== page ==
Yale students currently living in the Hall of Graduate Studies will move out at the end of this year, but the recently renovated Baker Hall and a newly constructed housing complex at 272 Elm Street aim to accommodate for renovations to HGS.
Over 100 graduate students will be displaced as a result of the renovations, which will transform the 85-year-old building into a humanities hub. Dean of the Graduate School of Arts and Sciences Lynn Cooley addressed the issue in a Feb. 9 email outlining the upcoming housing options available to graduate students. Specifically, Cooley said, Yale Housing has plans to replace HGS’s 169 dorm unit beds with 222 additional beds for graduate and professional students. The newly developed housing complex at 272 Elm St. adds 82 new beds for students, while the Law School’s renovated Baker Hall adds 110 beds for graduate and professional students. Graduate and professional students will also have priority for 30 beds in University-owned properties managed by Elm Campus Partners at 43 Whalley Ave., 11 Dixwell Ave. and 142 York St., Cooley added.
Graduate students had the opportunity to learn more about the housing options in greater New Haven at the Yale Housing Office’s fourth annual housing fair, which took place on Sunday.
“Planning for 272 Elm St. project took place in the Provost’s Office a few years ago,” she told the News. “The overall goal was to ensure that the total number of housing units for graduate and professional students would not be reduced as a result of transforming HGS into a hub for the humanities.”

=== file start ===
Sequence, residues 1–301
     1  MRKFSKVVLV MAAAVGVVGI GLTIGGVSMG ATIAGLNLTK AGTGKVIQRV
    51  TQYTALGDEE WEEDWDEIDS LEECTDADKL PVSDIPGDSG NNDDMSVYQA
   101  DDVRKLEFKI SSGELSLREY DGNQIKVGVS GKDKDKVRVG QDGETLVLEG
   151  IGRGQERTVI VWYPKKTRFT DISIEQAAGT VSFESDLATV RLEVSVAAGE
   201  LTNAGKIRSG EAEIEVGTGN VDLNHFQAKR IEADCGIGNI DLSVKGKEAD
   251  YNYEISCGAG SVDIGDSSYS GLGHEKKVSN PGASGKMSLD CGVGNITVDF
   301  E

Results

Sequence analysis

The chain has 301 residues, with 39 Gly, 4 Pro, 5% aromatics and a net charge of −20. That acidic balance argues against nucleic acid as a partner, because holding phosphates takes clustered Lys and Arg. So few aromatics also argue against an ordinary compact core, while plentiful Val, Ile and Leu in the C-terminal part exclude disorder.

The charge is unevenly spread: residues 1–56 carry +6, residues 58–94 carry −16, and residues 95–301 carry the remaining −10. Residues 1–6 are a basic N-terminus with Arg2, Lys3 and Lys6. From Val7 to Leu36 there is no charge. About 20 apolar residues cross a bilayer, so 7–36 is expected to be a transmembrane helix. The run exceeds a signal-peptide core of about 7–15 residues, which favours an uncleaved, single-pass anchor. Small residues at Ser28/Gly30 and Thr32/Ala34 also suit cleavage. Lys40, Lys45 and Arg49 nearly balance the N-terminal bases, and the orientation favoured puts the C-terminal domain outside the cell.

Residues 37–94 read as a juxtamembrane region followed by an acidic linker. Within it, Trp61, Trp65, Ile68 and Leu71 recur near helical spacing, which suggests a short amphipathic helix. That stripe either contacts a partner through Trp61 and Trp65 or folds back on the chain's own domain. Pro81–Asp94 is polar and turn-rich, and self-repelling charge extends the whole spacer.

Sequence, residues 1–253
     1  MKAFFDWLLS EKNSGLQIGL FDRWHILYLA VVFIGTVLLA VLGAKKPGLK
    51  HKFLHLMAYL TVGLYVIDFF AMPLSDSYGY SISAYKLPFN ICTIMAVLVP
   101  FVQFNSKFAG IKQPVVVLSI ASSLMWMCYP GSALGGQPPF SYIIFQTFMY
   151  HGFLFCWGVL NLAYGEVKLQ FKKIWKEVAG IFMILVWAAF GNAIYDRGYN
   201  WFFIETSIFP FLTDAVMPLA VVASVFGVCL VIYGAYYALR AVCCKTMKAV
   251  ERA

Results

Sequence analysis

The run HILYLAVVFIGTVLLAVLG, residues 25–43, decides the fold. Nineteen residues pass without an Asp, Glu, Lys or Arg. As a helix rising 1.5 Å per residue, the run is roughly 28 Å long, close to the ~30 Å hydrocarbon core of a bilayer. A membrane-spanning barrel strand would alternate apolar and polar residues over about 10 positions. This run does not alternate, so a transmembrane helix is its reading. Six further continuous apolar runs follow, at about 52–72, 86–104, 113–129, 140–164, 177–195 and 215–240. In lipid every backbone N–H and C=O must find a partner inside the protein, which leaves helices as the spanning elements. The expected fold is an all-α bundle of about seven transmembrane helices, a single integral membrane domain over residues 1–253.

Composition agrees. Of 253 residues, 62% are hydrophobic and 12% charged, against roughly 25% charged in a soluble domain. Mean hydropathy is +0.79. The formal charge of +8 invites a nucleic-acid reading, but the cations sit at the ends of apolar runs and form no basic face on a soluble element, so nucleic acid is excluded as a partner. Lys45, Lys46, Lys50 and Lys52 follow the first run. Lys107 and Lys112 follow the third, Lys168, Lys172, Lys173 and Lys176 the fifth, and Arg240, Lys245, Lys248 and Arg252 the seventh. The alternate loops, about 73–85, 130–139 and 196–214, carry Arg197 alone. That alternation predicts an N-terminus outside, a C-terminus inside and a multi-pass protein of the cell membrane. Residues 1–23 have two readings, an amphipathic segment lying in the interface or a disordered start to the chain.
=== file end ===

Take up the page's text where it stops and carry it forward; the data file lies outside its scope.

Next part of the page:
The 135 current graduate students in HGS will have priority for all of Graduate Housing’s dormitories in 2018–19, Cooley said in the email, including the new building at 272 Elm St. She added that, although law students have priority in Baker Hall, administrators anticipate there being space for graduate students as well.
The housing complex at 272 Elm St. was designed after consultation with students who said they wanted more apartment-style options, as opposed to traditional dormitories, Cooley said. George Longyear Jr., director of Yale Housing, said the University worked in conjunction with members of the Graduate Student Assembly and the Graduate and Professional Student Senate to construct the facility.
Longyear believes 272 Elm St. will house mostly graduate students in its inaugural year.
“We’re pretty confident that we’re going to have a large number of HGS students that are going to want to go to those properties,” Longyear said. “We’re really not sure what that residual number will be available for others.”
The renovated Baker Hall, which will provide 110 beds for graduate and professional students, formerly served as housing for students annexed from undergraduate dorms in Yale College. Renovations to the building — constructed in 1931 — began in July of 2017.
Savannah Thais GRD ’20, president of the Graduate and Professional Student Senate, said the new accommodations will likely provide adequate living space even after HGS closes. Still, Thais said, she worries that closing HGS may affect the sense of community among graduate and professional students.
“I think it’s a little disappointing that HGS is closing as a dorm,” Thais said. “There’s going to be enough replacement beds and everything, but it’s going to be a bit more spread out between different buildings. I think there are some grad students who are concerned about a little bit of a loss of community that’s built in HGS.”
Beyond HGS, there are five on-campus graduate student dormitories for the 2017–18 school year: ES Harkness Hall, Helen Hadley Hall, 276 Prospect St. and 254 Prospect St.
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